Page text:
Diary – Day 18

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Old, moss-draped willows

A short distance from Sligo Town, nestled between the Garavoge River and Lough Gill is a special type of woodland, now rare in Ireland. Hazelwood is a small area, just 25ha of alluvial woodland, a habitat protected under the EU Habitats Directive. These are woodlands of wet places, and usually have standing water during the winter months. So you can image, they are difficult to manage commercially for forestry, yet efforts were made to do so in the past. When I mentioned to Aileen O’Sullivan, Ecologist with Coillte, that I was passing through Sligo she immediately suggested visiting Hazelwood. She arranged for a colleague of hers, Barry Rintoul, to show me the site.

Popular spot for hoverflies

Hazelwood is well hidden and not sought out by walkers for it is fairly inaccessible. Yet a narrow path leads through part of it, a humid clearing alive with hoverflies when I was there. The woodland has large moss and fern-covered boughs growing through a tangle of undergrowth. A few large undesirable Beech trees stand erect, but dead, having being ring-barked, giving the wood an old-forest feel.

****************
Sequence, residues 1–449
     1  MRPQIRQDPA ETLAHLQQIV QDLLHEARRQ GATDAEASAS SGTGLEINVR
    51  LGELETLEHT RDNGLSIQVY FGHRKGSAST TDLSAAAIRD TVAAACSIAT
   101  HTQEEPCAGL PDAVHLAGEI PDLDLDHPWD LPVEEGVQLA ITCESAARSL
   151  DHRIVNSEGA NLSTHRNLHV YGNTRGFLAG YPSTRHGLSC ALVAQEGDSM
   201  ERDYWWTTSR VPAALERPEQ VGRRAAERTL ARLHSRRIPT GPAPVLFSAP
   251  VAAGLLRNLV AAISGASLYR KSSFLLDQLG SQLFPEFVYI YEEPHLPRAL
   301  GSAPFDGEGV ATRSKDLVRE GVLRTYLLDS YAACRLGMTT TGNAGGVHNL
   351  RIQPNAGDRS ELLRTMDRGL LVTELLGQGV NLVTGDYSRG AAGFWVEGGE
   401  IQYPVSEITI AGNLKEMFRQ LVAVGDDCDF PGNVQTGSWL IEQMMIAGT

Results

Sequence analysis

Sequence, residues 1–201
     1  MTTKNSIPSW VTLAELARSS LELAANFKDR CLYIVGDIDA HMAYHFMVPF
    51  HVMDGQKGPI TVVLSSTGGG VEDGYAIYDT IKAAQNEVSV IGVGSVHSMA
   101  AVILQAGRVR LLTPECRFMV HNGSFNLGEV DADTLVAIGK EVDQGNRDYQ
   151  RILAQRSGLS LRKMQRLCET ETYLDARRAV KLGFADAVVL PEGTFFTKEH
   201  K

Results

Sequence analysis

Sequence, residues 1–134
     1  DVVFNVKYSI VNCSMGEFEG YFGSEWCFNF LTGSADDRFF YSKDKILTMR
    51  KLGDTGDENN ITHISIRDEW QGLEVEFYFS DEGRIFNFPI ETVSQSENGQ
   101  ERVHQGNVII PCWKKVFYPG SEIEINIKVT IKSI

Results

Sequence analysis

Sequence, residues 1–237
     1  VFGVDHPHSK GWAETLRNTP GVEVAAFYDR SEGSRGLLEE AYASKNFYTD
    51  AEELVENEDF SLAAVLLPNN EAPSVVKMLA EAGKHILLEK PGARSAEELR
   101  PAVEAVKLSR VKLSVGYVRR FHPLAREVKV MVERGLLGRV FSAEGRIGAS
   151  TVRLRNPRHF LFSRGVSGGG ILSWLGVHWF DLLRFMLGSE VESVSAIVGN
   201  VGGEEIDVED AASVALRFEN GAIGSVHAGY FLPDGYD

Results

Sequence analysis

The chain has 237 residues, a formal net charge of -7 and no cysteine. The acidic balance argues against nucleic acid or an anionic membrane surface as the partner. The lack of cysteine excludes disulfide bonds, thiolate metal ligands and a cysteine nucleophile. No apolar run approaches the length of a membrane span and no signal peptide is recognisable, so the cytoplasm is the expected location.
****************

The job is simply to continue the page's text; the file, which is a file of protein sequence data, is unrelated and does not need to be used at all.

The Strawberry Tree grow here, its most northerly site in Ireland.  Other interesting plants recorded here include Bird Cherry, Wild Cherry, Spindle and Ivy Broomrape. Red Squirrels and Pine Marten live here, and Woodcock and Water Rail skulk around the waterlogged woodland floor.

In recent years Coillte has been working to enhance the ecological status of the woodland,  as part of a EU LIFE funded programme. The key challenges are to deal with invasive and non-native species; trying to control Rhododendron and Dogwood, and taking out Sycamore and Beech trees.To be honest, I couldn’t quite get excited about the woodland, probably because my untrained eye was unable to detect the botanical nuances of the site which make it interesting. Next time I visit I must bring a botanist with me!

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Like mother, like daughter. Prost!

As today was a rest day, Josephine, Seppie, Pauli and Felix visited us for the day. We had a lovely lazy day enjoying the invigorating sea breeze at Strandhill beach. And as only mothers can celebrate properly, we popped a bottle of champagne on the beach to mark the ending of Bella’s Secondary School phase of life. Onwards and upwards – Prost!